Emergence of Firms: A Sociogeographic Demand Side Perspective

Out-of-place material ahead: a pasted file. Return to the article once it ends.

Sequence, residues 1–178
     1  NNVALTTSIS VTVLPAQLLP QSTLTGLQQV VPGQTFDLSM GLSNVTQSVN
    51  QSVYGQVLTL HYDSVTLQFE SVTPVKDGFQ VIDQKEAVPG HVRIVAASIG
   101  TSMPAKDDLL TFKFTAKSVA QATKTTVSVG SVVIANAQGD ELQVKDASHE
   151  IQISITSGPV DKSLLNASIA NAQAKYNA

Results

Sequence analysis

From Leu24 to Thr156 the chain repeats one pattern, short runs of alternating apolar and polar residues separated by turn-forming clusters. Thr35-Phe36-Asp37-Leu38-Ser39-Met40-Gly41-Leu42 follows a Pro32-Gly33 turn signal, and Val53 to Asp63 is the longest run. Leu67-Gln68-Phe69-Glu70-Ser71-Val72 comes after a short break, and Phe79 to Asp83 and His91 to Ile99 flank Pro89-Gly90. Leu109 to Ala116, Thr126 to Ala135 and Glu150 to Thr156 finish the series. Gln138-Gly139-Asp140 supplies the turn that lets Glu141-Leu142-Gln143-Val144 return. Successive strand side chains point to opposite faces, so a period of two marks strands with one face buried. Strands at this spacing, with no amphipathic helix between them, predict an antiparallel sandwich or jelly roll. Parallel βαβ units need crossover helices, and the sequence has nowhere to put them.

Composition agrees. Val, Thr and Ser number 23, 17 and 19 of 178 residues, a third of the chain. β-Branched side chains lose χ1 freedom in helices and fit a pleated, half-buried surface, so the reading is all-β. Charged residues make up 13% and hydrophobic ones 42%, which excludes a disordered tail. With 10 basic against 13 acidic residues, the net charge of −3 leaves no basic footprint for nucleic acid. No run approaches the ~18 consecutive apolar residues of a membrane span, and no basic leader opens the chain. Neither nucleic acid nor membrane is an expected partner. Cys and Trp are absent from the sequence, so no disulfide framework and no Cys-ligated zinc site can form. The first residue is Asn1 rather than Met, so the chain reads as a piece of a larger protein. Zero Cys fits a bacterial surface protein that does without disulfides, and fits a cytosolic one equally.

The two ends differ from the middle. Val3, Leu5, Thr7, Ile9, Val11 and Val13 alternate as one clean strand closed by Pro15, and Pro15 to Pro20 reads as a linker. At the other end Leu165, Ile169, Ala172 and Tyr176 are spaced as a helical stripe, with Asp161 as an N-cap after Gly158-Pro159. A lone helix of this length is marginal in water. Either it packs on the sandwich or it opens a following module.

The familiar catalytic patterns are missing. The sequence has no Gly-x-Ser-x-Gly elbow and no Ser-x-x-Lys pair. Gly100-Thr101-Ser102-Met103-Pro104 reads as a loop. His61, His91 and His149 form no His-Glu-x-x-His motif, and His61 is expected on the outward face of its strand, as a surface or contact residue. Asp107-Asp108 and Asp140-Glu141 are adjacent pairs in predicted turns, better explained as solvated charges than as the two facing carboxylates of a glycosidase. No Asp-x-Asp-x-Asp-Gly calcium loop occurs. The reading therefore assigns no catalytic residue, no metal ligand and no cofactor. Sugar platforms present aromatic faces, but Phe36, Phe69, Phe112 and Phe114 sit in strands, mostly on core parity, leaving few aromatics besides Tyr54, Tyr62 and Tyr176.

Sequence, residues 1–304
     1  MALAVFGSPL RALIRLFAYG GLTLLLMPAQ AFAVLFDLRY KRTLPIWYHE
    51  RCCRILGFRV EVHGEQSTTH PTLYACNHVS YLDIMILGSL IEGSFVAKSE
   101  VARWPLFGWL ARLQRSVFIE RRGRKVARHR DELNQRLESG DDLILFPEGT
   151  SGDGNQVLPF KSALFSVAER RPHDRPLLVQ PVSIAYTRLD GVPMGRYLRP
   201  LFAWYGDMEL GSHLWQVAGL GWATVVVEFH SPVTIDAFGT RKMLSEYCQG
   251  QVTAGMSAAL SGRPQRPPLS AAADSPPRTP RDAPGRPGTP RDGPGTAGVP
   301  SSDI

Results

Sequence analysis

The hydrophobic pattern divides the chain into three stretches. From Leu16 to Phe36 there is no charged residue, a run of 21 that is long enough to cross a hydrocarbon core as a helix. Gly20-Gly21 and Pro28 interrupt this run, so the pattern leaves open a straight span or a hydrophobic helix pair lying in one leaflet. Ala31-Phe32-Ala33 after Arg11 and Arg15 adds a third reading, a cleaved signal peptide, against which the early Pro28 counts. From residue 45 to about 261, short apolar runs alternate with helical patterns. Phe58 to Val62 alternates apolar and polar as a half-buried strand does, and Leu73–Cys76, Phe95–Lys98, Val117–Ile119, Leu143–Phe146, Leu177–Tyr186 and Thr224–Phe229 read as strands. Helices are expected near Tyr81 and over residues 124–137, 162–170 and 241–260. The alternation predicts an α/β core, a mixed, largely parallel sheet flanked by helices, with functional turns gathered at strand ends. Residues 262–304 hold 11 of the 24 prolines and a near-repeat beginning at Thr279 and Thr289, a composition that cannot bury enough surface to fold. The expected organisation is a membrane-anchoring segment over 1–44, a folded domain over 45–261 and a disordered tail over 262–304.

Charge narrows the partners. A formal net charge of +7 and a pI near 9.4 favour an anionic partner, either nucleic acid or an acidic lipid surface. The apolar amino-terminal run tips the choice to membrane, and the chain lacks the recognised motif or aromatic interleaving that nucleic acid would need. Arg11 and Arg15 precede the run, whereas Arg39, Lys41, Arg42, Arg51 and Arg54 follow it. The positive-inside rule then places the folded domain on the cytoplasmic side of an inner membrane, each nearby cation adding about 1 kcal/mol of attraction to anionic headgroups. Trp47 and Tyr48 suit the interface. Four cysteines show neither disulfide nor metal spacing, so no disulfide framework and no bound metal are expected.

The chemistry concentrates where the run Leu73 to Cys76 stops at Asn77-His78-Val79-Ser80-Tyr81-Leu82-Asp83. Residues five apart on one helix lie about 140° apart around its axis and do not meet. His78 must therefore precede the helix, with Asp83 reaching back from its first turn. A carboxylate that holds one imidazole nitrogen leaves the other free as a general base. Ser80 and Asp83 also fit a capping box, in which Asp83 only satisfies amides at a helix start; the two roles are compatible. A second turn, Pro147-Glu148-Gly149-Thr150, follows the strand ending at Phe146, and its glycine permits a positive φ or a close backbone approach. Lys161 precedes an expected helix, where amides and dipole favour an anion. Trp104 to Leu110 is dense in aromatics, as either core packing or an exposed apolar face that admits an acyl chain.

This paper presents an analysis of regional start-up rates in the knowledge intensive services and high-tech industries. To supplement prevailing frameworks focusing mainly on supply-side economic factors, we integrate insights from economic geography and population ecology to the entrepreneurship literature as to present a theoretical framework that captures both supply-and demand-side factors, with a specific emphasis on the demand side. Using a rich multi-level data material on all knowledge intensive start-ups across the 286 Swedish municipalities between 1994 and 2002, the empirical analysis focuses on how characteristics of the economic milieu of regions influence firm births. We find that economically affluent regions dominate entrepreneurial activity in terms of firm births, yet a number of much smaller rural region revealed high levels of start ups. Both economic and sociological variables such as knowledge spillovers from universities and firm R&D, and the political regulatory regime within the municipality, exhibit strong influences on firm births. These patterns points to strong support for the notion that ‘the geographic connection’ is important for analyzing entrepreneurial processes.
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